Compared to the GC2-HMT combo, the GCQuad offers a six times larger hitting area as well as proprietary alignment stick, which calibrates the system’s target line so that golfers can vary their alignment without needing to realign the unit. The system’s LCD screen was also made larger for easier viewing, and results can also be paired to devices via Wi-Fi, Ethernet or USB.

Trackman 4 ($18,995 and up)

Trackman_4_Cover

Ball Data: Ball Speed, Carry Distance, Flight Path, Landing Angle, Launch Angle, Launch Direction, Hang Time, Height, Side, Side Total, Smash Factor, Spin Axis, Spin Rate, Total Distance.

Club Data: Attack Angle, Club Path, Club Speed, Dynamic Loft, Face Angle, Face-To-Path, Low Point, Swing Direction, Swing Plane.

When most golfers think of a launch monitor, they think of a Trackman. The company has developed a devoted following for its Doppler radar launch monitors — according to Trackman, it has sold more than 400 units to touring pros — because of their ability to track ball flight from takeoff to landing, something camera-based units don’t do.

The company’s newest launch monitor is called Trackman 4, and it beefs up accuracy and speed by using two radars: one radar dedicated to measuring long-distance ball flight and one dedicated to measuring short-distance shots, as well as what the club does before, during and after impact.

Trackman also offers a wealth of software that’s valuable for improvement. Take the company’s “Optimizer,” for example, which allows golfers to see how they need to tweak their spin loft, ball speed, launch angle, spin rate and shot height to achieve ideal launch conditions for the way they deliver the club.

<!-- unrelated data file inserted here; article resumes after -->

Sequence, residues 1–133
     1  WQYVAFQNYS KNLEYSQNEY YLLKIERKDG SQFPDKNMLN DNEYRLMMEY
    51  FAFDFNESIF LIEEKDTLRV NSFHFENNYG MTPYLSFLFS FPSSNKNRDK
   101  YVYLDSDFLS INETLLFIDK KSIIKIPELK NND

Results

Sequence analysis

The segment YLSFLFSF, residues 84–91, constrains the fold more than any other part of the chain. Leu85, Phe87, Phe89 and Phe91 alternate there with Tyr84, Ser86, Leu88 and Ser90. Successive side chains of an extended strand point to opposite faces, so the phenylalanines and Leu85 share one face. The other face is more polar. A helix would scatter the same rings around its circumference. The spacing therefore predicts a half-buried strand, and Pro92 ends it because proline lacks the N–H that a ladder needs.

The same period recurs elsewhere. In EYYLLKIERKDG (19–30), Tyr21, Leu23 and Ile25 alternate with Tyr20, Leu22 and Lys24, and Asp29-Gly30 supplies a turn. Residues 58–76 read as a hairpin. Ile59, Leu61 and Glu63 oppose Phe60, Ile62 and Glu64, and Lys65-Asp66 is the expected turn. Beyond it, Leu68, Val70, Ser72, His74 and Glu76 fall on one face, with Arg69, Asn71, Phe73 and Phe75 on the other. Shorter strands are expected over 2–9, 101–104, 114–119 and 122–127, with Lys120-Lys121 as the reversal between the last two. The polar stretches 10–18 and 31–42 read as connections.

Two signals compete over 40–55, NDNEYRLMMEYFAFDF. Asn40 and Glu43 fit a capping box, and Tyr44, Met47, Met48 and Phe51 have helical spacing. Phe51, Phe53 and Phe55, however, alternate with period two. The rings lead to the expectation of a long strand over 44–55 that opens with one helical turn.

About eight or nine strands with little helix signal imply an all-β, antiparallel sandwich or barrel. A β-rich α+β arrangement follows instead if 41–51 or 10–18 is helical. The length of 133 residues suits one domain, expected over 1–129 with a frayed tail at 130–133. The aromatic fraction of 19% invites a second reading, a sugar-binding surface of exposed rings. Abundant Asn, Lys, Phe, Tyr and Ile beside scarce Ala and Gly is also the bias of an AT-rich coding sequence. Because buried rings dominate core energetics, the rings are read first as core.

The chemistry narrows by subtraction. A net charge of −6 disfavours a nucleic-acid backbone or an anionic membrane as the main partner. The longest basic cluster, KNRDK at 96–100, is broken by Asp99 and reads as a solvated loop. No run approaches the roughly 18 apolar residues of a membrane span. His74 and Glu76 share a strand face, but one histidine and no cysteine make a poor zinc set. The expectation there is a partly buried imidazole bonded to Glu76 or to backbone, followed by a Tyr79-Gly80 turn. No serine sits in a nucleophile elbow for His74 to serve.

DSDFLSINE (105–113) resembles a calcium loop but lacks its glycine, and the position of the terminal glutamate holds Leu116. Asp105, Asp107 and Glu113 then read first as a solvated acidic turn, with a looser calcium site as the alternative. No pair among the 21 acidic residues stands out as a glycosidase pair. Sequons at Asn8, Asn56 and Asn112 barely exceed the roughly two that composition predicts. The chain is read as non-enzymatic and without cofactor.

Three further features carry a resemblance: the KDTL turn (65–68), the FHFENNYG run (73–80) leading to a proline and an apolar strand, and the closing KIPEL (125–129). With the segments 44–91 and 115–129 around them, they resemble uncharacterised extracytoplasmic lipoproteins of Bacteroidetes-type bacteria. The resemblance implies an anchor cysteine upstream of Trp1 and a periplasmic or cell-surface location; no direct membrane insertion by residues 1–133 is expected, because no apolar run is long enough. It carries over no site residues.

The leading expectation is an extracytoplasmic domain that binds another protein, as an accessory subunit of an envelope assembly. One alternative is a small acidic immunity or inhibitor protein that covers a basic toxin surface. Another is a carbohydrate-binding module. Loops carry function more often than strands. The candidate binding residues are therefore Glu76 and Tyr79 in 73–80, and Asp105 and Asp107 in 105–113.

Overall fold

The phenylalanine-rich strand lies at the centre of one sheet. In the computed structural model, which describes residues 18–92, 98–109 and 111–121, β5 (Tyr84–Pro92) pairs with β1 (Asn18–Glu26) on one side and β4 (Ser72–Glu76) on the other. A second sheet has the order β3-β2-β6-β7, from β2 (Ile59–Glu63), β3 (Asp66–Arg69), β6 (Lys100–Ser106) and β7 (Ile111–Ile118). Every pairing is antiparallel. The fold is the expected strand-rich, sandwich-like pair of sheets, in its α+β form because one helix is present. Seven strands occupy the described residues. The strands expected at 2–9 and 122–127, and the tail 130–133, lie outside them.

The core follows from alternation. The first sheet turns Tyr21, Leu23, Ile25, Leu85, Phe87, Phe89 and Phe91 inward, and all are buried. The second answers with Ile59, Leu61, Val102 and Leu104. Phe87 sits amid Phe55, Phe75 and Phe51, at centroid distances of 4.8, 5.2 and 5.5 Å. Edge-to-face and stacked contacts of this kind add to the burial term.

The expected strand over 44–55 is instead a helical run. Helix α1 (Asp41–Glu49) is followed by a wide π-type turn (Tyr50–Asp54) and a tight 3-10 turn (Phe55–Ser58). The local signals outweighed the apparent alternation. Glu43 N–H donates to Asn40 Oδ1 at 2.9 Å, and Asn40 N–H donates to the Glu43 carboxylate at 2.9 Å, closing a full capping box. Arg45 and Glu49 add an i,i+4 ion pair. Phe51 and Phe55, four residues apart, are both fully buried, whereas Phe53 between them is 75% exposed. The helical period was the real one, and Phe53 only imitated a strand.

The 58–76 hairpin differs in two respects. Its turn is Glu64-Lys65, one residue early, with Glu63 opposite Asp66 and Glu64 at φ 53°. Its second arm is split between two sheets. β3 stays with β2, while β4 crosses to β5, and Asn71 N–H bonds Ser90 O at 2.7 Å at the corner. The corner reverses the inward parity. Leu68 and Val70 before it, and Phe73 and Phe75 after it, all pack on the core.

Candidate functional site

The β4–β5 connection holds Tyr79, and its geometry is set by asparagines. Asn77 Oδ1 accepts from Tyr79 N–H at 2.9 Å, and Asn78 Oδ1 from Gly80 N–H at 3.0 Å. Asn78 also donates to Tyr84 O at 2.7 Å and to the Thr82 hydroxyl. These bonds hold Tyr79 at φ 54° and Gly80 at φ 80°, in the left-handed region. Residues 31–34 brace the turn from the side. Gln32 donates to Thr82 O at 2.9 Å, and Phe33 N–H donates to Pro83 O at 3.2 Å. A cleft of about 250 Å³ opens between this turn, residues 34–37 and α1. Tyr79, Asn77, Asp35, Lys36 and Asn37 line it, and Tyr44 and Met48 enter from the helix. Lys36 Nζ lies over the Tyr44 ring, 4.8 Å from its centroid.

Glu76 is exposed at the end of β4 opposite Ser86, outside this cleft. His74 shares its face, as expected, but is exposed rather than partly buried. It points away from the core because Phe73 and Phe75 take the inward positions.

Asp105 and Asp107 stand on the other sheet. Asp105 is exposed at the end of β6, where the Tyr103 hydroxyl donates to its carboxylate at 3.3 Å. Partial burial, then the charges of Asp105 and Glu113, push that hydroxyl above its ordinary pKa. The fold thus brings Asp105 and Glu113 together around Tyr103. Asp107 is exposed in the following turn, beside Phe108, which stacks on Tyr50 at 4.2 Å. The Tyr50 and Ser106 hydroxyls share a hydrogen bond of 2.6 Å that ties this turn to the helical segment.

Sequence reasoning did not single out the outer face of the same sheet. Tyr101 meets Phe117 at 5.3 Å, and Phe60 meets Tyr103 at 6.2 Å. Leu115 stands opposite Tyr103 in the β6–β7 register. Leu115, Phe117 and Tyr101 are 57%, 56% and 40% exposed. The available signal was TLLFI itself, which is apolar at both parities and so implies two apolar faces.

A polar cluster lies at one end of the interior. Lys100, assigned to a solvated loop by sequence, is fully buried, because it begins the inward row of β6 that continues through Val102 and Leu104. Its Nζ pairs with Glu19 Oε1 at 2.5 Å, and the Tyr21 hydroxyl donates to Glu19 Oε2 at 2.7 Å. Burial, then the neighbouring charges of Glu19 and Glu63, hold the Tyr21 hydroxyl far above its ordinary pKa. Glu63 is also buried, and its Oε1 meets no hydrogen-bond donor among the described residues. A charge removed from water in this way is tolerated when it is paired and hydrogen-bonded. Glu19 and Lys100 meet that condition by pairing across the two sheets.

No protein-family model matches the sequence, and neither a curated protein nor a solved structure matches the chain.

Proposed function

And that’s just the tip of the iceberg.

Trackman’s “Combine” has become the default test center for golfers around the globe who want to identify their ball striking strengths and weaknesses and compare their performance to other golfers. For a more customized experience, there’s Trackman’s “Test Center,” which allows a golfer to create unique challenges and practice plans. Then there’s Trackman’s “Normalization” feature, which predicts what a shot hit with a range ball would have done if it was hit with a premium golf ball. Normalization also removes the effects of wind and weather on ball flight.

Each Trackman unit has an internal HD video camera and can connect with as many as six other cameras to seamlessly merge video and data. There’s even a new Trackman “Putting” software (currently in beta), which measures everything you’d expect and a lot more. Data such as skid distance, roll percentage, effective stimp and total break has the potential to change the way golfers and golf instructors think about high-level putting practice. All this from a unit that is just 12 inches in height, 12 inches in width, 2 inches in depth and weighs just 6.2 pounds.

Trackman, which is available for indoor use ($18,995) and outdoor use ($24,995), offers solutions for both wired and wireless HD video, as well as golf simulators. Users need a minimum 16 feet of space between radar and net to use a Trackman 4 indoors.

GEARS ($24,500 and up)

 gearsRoom

Ball Data: Ball Speed, Carry Distance, Flight Path, Height, Impact Location, Launch Direction, Smash Factor, Spin Axis, Spin Rate, Total Distance.

Club Data: Attack Angle, Club Path, Club Speed, Dynamic Loft, Face Angle, Face Heading, Face-to-Path, Launch Angle, Lie, Shaft Deflection, Shaft Droop, Static Loft, Swing Direction, Swing Plane.

Body Data: Body Lines, Club Angular Velocity, Grip Speed, Hip Angular Velocity, Joint Angles, Kinematic Sequence, Knee Angle, Leading Arm Angular Velocity, Shoulder Angle, Spine Angle, Toe Angle, Torso Angular Velocity, Wrist Cock.